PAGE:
The action of God has not always the same degree of intensity. He increases or diminishes it according to the designs of His love, and according to the strength and generosity of different souls. If He does not judge it well to treat them all with a constant holy severity, at least He makes them pass through alternate seasons of consolation and desolation, peace and combat, light and obscurity. By means of such continual vicissitudes, He renders them pliable and docile to all His motions. For, owing to repeated changes in her interior state, the soul finally loses her attachment to every condition and is ready to welcome all at the will of the Holy Spirit Who breathes where He pleases and as it pleases Him.
In short, by means of all these trials, says the venerable Louis de Blois, "God purifies, humbles, instructs our souls and renders them pliable to His will; everything defective, everything deformed, everything disagreeable to His sight, He removes from them, and at the same time embellishes them with all the ornaments which can make them pleasing in His eyes. And when He finds them faithful, full of patience and good-will; when the long endurance of tribulations has brought them, with the assistance of His grace, to such a degree of perfection that they suffer with tranquillity and joy all manner of temptations and afflictions: then He unites them most intimately to Himself, confides to them His secrets and His mysteries, and communicates Himself to them without reserve." 6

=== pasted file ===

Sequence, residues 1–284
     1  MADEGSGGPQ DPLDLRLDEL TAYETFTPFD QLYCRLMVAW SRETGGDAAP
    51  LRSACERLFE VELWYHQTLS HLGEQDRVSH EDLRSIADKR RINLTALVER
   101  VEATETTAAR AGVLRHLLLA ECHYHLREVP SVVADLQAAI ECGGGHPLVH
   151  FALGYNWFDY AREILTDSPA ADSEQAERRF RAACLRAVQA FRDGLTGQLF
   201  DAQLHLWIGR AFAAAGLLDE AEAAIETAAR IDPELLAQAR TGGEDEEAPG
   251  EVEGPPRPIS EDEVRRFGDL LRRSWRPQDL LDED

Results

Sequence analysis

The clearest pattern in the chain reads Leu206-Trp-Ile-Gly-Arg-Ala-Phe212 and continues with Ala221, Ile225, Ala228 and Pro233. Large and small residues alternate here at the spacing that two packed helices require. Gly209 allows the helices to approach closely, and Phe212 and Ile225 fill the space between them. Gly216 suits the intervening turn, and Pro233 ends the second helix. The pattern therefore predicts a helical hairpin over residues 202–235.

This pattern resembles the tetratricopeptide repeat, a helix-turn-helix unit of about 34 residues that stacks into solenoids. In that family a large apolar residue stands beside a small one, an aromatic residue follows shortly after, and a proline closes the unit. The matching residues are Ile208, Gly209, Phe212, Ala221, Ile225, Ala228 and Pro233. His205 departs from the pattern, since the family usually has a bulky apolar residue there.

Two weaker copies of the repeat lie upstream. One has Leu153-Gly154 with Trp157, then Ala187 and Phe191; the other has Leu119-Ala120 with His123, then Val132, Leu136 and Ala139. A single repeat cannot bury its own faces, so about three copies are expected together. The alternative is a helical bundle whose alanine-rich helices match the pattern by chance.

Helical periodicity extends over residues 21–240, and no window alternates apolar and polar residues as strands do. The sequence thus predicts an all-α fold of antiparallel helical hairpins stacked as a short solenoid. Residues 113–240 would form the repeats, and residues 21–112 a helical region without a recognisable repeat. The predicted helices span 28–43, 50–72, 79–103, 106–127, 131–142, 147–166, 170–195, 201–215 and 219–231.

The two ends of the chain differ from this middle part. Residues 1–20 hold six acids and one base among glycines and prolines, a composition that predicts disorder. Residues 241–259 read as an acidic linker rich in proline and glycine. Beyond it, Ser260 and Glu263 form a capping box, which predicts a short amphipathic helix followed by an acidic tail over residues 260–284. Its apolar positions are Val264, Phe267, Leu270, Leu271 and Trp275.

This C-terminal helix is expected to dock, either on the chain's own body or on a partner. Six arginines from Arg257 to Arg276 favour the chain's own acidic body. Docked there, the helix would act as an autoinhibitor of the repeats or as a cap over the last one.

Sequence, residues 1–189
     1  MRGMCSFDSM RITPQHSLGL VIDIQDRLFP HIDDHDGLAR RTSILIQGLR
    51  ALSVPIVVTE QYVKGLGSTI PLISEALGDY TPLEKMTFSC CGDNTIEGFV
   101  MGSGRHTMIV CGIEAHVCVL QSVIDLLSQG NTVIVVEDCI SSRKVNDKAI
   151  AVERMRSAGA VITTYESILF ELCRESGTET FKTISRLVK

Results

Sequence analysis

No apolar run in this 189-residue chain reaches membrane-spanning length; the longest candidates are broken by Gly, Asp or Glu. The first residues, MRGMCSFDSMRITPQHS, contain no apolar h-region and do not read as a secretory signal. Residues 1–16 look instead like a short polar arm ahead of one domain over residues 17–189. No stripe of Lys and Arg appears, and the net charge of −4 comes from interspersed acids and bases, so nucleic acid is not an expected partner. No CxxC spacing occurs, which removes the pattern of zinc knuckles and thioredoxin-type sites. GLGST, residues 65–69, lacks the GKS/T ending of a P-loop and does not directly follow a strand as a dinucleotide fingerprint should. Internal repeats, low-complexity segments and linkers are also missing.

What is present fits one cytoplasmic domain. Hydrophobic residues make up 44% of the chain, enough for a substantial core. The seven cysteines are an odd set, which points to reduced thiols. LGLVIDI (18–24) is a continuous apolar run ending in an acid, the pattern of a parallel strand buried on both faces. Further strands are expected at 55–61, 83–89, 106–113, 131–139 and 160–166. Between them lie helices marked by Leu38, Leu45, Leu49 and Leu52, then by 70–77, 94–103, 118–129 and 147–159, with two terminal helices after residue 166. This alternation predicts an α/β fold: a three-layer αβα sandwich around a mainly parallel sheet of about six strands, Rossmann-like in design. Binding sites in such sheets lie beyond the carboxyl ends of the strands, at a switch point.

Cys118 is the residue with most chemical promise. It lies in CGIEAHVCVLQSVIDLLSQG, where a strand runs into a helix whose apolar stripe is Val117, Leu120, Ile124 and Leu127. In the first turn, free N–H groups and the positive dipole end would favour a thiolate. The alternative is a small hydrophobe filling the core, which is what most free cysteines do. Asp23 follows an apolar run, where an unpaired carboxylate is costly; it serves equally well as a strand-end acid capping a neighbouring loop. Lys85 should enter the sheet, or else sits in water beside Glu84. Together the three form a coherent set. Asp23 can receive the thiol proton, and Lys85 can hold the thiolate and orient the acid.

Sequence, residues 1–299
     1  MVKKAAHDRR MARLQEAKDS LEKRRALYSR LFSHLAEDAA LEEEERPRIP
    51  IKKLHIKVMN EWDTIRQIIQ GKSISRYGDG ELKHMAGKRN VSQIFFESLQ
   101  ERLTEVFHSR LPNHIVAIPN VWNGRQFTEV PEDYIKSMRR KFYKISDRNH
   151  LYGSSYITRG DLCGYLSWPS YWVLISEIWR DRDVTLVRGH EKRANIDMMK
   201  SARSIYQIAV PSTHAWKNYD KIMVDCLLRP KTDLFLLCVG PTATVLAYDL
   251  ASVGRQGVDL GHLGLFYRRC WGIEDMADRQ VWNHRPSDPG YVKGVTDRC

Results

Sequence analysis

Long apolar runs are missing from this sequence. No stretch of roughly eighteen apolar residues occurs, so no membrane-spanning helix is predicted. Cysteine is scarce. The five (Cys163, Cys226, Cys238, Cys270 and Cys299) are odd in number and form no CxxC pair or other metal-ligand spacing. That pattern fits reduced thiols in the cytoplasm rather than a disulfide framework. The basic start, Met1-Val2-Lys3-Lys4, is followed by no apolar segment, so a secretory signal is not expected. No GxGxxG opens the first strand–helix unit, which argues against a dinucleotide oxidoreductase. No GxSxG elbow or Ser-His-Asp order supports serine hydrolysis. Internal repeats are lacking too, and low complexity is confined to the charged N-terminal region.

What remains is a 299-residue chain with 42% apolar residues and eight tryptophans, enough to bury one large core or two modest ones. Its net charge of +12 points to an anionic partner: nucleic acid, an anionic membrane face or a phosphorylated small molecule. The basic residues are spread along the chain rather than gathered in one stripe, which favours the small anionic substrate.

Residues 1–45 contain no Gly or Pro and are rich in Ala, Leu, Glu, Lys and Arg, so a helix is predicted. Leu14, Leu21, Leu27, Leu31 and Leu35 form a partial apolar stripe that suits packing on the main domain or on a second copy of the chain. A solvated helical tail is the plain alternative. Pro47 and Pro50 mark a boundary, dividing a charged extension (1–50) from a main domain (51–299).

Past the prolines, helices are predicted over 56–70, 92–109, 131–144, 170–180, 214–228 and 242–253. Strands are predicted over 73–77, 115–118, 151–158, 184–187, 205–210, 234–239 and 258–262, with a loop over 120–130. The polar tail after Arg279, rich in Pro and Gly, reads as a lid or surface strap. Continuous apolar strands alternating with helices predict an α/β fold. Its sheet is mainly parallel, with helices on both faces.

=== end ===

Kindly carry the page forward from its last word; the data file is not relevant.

These are the days of pure love, since therein we serve God exclusively for His own sake and at our own expense. Ah! how hard it is to love Him purely in seasons of consolation, with no subtle self-seeking, no vain complacency! But in times of affliction and interior privation, properly accepted, we have no longer to fear that self-love will insinuate itself into our relations with God, because in these relations it can find nothing but bitterness. oh, how well qualified is this assurance to console him who understands the value of pure love! we have here the reason why some of the Saints preferred privations and sufferings to consolations and enjoyments, why they loved the former so passionately and could scarcely support the latter.